As of Thursday morning, the number of homes and businesses without electricity in Florida was 2.69 million, according to the agency.
President Donald Trump returned on Thursday to the storm-swept American South, handing out food and meeting with survivors on the Gulf coast of Florida, where Hurricane Irma raged last weekend. In striking a deal with Democrats last week, Trump secured billions of dollars in federal disaster relief funding, though the affected states will ultimately require exponentially more help down the road. "Will fly to #Florida on Thursday w @potus to survey the damages from #HurricaneIrma", said a post on Melania Trump's official Twitter account. "We are there for you 100 percent", he said, adding, "this is a state that I know very well".
The president and first lady Melania Trump made a similar trip to Texas two weeks ago to see the devastation left behind by Hurricane Harvey.
"It's a team like very few people have seen", Trump said, referring to Florida Gov. Rick Scott, Sen. "So I hope he runs for the Senate", Trump said.
After Harvey struck Texas, Trump drew criticism for having minimal interaction with residents during his first trip in late August.
The deaths at the Rehabilitation Center at Hollywood Hills on Wednesday stirred outrage over what many saw as a preventable tragedy and heightened concerns about the vulnerability of the state's large elderly population amid widespread, lingering power outages.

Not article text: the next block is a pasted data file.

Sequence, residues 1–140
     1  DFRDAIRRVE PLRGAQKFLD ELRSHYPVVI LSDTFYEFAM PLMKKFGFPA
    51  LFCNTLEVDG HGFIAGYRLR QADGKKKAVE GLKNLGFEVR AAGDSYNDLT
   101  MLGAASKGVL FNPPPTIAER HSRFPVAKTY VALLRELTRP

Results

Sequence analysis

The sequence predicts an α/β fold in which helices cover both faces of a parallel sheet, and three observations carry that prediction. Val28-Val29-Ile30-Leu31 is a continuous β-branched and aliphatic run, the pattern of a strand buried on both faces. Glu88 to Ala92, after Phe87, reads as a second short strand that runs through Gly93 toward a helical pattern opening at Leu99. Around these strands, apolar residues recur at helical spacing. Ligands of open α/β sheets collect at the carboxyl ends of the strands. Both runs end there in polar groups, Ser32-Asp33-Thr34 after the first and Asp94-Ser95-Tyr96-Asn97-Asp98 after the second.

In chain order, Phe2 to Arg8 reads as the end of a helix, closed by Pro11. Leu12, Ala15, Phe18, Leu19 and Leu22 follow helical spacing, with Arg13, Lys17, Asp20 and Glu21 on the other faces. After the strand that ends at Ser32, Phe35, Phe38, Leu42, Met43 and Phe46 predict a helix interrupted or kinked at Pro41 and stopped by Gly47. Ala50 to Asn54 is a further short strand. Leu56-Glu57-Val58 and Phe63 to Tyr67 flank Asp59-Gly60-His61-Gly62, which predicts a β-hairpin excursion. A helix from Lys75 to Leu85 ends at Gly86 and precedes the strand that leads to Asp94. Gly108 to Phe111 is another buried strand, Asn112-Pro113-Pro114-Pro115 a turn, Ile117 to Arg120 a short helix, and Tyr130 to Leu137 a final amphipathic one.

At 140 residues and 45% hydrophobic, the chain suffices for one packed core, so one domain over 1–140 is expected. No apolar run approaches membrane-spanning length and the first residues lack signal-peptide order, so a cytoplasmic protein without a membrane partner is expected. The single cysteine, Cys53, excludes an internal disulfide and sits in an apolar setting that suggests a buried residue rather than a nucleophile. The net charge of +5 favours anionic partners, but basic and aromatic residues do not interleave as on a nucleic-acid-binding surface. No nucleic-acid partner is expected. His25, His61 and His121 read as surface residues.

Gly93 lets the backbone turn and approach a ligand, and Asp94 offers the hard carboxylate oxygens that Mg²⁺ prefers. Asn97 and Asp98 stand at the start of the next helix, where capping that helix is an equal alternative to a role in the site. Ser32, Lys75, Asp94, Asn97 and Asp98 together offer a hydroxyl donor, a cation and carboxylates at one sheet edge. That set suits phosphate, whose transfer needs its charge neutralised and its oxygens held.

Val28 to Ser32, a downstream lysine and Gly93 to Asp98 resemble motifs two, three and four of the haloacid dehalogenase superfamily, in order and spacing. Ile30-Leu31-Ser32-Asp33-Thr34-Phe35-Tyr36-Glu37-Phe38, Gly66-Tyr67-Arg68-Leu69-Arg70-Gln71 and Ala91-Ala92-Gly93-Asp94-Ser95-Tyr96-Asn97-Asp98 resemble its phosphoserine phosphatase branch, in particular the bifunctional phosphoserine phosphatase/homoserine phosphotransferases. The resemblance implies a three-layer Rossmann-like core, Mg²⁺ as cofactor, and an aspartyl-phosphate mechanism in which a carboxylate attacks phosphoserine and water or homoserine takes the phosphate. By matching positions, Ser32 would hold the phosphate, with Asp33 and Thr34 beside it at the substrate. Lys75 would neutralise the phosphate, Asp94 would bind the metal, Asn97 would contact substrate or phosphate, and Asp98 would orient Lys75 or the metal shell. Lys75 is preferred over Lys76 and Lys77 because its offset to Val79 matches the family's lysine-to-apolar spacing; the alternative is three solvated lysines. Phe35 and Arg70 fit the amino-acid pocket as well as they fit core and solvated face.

On his second visit, to Texas and Louisiana, he was more hands-on. About 110,000 people remain in shelters across the state.
Irma, which ranked as one of the most powerful Atlantic storms on record before striking the US mainland as a Category 4 hurricane on September 10, took at least 82 deaths. One man yelled, "Make America Great Again!" White House officials say Trump also plans to visit the devastated US Virgin Islands and Puerto Rico soon. "In many cases, they've lost their homes and it's a tough situation". Many communities are still cleaning up or without power or air conditioning.
Spokeswoman Sarah Huckabee Sanders said the president will be in the Naples area, in southwest Florida. Days after Irma passed, nearly 80 percent of homes and businesses were still without electricity, and floodwaters still covered some communities entirely.